Results of studies from humans living in those special laboratory conditions have revealed that there are circadian rhythms in many aspects of human behavior and physiology. Those rhythms include daily oscillations of hormone levels (including such hormones as cortisol, melatonin, thyroid stimulating hormone, and prolactin); core body temperature; EEG activity; alertness and vigilance; sleep tendency; and many aspects of performance. Neuroanatomical studies have also found that the same structures that comprise the circadian timing system in mammals, the SCN and RHT, are present in the human brain.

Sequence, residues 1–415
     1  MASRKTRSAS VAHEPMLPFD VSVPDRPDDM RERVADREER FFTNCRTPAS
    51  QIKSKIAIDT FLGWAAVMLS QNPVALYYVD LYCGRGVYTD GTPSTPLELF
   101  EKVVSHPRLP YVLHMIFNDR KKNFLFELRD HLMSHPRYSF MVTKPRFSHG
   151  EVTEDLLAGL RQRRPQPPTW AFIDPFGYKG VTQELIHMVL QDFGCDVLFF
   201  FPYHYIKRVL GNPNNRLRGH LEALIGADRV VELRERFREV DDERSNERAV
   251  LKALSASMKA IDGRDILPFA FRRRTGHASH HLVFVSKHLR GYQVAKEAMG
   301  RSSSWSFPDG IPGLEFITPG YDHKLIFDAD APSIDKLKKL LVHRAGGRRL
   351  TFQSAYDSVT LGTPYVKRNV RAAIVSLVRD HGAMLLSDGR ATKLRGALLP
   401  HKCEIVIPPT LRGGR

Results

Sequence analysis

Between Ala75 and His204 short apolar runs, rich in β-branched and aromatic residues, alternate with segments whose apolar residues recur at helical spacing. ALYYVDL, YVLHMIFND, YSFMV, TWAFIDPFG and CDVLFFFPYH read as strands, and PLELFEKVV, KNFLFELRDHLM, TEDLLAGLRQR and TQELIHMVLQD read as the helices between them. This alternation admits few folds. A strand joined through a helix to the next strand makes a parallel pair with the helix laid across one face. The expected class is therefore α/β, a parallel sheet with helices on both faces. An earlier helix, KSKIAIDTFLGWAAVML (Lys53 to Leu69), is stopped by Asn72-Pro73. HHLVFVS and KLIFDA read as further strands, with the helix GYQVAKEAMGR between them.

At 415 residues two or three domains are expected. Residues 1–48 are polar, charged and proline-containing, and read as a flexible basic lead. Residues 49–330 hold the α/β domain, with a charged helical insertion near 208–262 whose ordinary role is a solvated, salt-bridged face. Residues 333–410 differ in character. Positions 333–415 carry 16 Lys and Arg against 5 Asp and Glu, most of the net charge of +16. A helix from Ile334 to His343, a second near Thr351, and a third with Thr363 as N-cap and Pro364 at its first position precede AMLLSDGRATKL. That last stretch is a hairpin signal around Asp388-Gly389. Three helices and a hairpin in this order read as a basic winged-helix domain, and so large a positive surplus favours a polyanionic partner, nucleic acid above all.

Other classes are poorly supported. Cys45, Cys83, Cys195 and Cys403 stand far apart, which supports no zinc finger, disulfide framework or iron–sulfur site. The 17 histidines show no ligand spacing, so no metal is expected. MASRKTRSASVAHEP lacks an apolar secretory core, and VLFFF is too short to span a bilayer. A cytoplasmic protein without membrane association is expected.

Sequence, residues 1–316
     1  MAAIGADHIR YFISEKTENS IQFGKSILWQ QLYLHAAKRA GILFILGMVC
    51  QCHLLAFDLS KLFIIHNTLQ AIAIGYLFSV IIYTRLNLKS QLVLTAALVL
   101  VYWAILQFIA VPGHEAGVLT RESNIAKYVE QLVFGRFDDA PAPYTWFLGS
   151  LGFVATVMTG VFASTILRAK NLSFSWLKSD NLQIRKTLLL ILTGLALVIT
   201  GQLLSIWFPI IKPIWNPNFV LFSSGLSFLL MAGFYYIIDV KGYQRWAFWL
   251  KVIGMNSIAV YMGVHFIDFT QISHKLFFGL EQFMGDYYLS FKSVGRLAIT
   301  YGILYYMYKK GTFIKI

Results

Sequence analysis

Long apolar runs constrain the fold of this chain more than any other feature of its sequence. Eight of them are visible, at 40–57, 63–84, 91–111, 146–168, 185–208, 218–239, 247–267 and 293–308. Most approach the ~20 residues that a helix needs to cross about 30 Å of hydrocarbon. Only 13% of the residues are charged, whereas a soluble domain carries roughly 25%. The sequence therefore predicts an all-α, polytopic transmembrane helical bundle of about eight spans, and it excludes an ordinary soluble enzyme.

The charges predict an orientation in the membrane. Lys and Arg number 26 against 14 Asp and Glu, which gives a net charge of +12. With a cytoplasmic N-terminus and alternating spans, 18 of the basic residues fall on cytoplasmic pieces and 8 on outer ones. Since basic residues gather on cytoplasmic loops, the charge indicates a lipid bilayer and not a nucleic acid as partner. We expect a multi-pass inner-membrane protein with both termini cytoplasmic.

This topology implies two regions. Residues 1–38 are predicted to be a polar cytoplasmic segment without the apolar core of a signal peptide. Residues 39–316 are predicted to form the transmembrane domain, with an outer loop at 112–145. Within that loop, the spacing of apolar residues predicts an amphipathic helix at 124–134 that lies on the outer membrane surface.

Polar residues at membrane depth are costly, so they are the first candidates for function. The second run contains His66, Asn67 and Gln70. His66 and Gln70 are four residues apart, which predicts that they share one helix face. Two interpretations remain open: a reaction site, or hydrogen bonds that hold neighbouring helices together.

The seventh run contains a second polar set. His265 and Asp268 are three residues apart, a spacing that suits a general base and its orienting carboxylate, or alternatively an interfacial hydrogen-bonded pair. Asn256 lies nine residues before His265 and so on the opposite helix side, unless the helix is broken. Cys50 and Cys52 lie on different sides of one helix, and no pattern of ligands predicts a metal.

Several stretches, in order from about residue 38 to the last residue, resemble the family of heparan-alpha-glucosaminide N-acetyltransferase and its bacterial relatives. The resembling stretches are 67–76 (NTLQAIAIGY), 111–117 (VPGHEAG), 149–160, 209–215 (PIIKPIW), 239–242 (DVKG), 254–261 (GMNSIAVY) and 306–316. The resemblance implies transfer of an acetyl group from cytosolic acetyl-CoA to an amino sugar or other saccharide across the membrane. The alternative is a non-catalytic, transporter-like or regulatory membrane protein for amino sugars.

The particular methods used for studying human circadian rhythms depend on the aspect of circadian physiology that is of interest. The constant routine is an effective protocol to assess phase, amplitude, or the effect of a particular stimulus on the endogenous output of the human circadian system. In this protocol, subjects' circadian rhythms are measured for at least one complete circadian cycle while they remain awake, in a constant posture, in constant dim light, and with food and fluid intake distributed across day and night. In constant routine studies, often multiple variables controlled by the circadian timing system are measured simultaneously, so the phase and amplitude of each of those rhythms can be assessed. In studies in which the influence on the circadian timing system of a particular stimulus is of interest, an initial assessment of circadian phase and amplitude is made, the stimulus is applied, and then a reassessment of phase is done. Thus, the change in phase and amplitude as a result of the stimulus can be estimated.